The Galway players who told Cunningham it’s time to go

Former Galway manager John McIntyre yesterday revealed captain David Collins, vice-captain Andy Smith and 2014 captain Joe Canning and David Burke as the four players who informed Anthony Cunningham that the squad did not want him to continue as manager.

The Irish Examiner understands a player younger than Burke had initially agreed to be part of the delegation. It was believed his presence would demonstrate the will of the U21 players that Cunningham had introduced to the panel this year. However, he was replaced by the St Thomas man Burke, most significantly a club-mate of the Galway boss.

In a Connacht Tribune piece headlined ‘The game looks over for Cunningham as team boss’, the newspaper’s sports editor McIntyre chronicles the disharmony in the camp.

“There had been boiling discontent among the players for several months over Cunningham’s management regime. Matters initially came to a head when they lost heavily to Waterford in the league quarter-final at Walsh Park in late March with only the relative close proximity of the championship preventing a heave against the Galway set-up.

The Galway players who told Cunningham it’s time to go

“Cunningham also took on board the players’ grievances and, initially, the atmosphere in the Galway camp improved. As the team progressed through the championship, especially after their terrific All-Ireland semi-final triumph over Tipperary, it appeared to all intents and purposes that a united dressing-room was on the brink of delivering the Liam MacCarthy Cup back West for the first time since 1988.

“But their failure to drive on in the second-half against Kilkenny, leading to the county’s sixth consecutive All-Ireland final defeat, contributed to the re-opening of old wounds and the players finally bit the bullet in overwhelmingly passing a vote of no confidence in Cunningham just days before his appointment for a fifth year was due to come up for ratification by the board.”

In a statement late on Wednesday, the Galway County Board confirmed talks with the players will continue into next week.

“Last evening a number of players, representing the 2015 panel, met with officers of the County and Hurling Committees to outline some issues and their position in relation to the proposed 2016 management set up. These matters will be reviewed in an effort to find a resolution.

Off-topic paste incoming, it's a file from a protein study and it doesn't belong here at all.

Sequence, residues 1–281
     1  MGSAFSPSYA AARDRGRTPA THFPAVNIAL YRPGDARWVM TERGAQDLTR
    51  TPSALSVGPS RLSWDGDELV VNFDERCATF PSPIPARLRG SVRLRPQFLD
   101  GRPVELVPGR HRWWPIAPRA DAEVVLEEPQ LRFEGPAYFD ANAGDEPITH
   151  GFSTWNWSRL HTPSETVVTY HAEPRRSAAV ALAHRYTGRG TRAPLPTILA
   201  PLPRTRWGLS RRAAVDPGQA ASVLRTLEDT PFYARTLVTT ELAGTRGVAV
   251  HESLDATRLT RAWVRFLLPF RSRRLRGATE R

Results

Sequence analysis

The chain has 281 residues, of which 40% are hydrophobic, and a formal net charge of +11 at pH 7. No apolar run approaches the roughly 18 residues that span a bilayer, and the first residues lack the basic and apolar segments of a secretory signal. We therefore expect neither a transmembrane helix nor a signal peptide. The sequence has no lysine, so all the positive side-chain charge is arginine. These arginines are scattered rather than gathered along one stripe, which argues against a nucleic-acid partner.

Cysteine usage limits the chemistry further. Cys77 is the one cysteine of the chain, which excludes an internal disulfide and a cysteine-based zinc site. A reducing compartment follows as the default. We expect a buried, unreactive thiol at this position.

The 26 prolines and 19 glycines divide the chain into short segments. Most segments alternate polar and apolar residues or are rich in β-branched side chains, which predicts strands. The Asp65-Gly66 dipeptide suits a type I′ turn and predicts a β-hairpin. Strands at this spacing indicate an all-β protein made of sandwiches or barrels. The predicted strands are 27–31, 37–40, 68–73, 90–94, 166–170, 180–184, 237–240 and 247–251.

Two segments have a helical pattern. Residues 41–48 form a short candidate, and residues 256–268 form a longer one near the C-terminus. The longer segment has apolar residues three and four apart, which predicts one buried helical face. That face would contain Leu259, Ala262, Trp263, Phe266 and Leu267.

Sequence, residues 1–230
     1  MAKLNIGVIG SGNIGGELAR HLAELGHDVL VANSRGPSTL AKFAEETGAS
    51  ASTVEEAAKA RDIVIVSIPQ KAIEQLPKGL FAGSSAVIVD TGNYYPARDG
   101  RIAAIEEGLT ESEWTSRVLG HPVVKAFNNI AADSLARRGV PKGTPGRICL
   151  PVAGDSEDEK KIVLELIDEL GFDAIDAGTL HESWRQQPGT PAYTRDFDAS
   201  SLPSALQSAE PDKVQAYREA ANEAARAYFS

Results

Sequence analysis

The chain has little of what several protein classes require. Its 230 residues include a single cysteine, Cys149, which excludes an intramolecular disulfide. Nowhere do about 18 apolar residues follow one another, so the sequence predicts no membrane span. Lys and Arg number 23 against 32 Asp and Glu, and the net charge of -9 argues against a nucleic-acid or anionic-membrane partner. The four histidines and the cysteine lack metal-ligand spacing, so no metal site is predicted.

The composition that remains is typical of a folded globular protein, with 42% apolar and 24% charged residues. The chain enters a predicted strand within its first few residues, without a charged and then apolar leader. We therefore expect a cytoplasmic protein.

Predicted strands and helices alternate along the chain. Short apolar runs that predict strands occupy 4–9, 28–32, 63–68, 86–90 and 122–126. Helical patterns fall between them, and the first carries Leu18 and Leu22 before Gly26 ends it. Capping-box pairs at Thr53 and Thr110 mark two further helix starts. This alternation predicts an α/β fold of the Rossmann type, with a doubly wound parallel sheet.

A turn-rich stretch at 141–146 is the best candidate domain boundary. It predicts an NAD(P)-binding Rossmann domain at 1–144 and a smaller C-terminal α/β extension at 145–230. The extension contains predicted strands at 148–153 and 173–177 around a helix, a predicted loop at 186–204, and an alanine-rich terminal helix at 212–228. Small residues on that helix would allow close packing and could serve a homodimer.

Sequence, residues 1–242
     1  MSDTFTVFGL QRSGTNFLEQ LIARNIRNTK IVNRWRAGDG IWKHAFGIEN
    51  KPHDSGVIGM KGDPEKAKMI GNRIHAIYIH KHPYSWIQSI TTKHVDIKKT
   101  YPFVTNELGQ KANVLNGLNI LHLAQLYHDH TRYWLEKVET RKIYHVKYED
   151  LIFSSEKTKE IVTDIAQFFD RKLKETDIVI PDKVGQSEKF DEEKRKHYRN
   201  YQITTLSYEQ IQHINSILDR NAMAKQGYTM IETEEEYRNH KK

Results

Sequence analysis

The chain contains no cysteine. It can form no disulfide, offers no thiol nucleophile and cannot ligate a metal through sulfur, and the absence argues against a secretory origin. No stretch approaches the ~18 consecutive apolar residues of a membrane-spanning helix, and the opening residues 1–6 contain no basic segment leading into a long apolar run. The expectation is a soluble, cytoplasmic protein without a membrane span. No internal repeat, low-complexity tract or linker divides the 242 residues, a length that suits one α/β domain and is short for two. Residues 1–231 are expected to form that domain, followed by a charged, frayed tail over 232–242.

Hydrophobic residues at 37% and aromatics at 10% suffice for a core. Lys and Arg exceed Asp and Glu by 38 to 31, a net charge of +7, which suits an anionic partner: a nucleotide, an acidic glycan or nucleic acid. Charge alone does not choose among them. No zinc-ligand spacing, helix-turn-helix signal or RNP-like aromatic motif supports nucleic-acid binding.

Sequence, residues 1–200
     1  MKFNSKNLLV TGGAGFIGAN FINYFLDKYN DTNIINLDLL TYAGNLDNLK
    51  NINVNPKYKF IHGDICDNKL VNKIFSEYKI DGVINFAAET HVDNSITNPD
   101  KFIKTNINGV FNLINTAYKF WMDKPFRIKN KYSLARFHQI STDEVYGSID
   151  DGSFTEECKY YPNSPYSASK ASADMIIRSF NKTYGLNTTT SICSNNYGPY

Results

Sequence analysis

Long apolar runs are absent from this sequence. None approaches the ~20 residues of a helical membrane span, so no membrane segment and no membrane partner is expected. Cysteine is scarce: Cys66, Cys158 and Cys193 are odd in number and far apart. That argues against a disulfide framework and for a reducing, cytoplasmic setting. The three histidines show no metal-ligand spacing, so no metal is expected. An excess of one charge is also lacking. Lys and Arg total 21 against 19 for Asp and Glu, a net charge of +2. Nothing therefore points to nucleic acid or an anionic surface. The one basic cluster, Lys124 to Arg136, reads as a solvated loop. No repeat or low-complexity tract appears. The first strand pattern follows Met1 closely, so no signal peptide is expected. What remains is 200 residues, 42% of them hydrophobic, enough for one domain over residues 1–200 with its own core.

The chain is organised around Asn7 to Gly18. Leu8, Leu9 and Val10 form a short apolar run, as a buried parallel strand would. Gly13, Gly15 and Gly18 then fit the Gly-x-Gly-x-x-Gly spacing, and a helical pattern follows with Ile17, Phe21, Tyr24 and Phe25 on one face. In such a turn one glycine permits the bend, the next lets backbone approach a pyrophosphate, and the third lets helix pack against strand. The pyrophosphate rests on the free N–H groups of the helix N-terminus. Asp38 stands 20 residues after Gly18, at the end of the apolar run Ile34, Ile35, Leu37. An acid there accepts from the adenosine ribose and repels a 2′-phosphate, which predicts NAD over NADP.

Joe Canning was one offour players who informed Anthony Cunningham that the squad did not want him to continue as manager
Joe Canning was one of four players who informed Anthony Cunningham that the squad did not want him to continue as manager

“In the meantime, showing respect for the parties involved, no further statement will be issued by the Galway County Committee in relation to this matter, until a satisfactory resolution has been reached.”

Officials hope an alteration to Cunningham’s management team may convince players that he is the right man to lead Galway into the 2016 season.

Well-placed sources say the longer the players are at the table the more chance Cunningham will survive.

However, there is still anger in the panel at how their views weren’t taken on board by the manager last week.

Meanwhile, Armagh will be without Caolan Rafferty for next season after he emigrated to Hong Kong. It means Kieran McGeeney must now do without four players from this year’s panel including ace forward Jamie Clarke, Stephen Harold and Finian Moriarty who has announced his inter-county retirement.

 

What other counties are vulnerable?

LIMERICK (hurling)

A lack of one-on-one coaching as well as questions over fitness work were some of the grievances held by players this season. The appointment of 2013 All-Ireland winning physical and conditioning coach Joe O’Connor is a welcome one although TJ Ryan has yet to appoint a new hurling coach, which will be key. The Garryspillane man has already been ratified for one more season but there remains differences between certain players and management. Chances of contagion: 50% 

CLARE (hurling)

Claims of double standards in the treatment of Davy O’Halloran and Nicky O’Connell didn’t exactly serve Clare well this past spring.

Preceding another early qualifier exit, the pressure has mounted on Davy Fitzgerald but if Brendan Bugler and Aaron Cunningham’s joint interview in the wake of the defeat to Cork is to be believed then he has the full support of his panel. Chances of contagion: 40%

DUBLIN (hurling)

Towards the end of their championship run, the rumour mill was spinning wildly about things not being hunky dory in the hurlers’ camp.

Ger Cunningham has since taken a broom to his backroom team and may yet do the same to his panel unless some chose to step aside themselves.Chances of contagion: 40%

CORK (football)

No disrespect to any of the other candidates but John Cleary was the man the players wanted in charge of them next season. Having enjoyed success with several of them at U21 success, he was viewed as the best candidate in their eyes. But after their falls to Kerry and Kildare, though, beggars can’t exactly be choosers. Chances of contagion: 20%

TYRONE (football)

The respect that exists for Mickey Harte in Tyrone means that players who do have issues with him usually quit the panel and leave it at that. Several left this season primarily because of a lack of action. However, the county board have taken a less deferral approach to him this year, offering him a two-year term instead of the three he sought. Players can’t but notice such things. Chances of contagion: 20%


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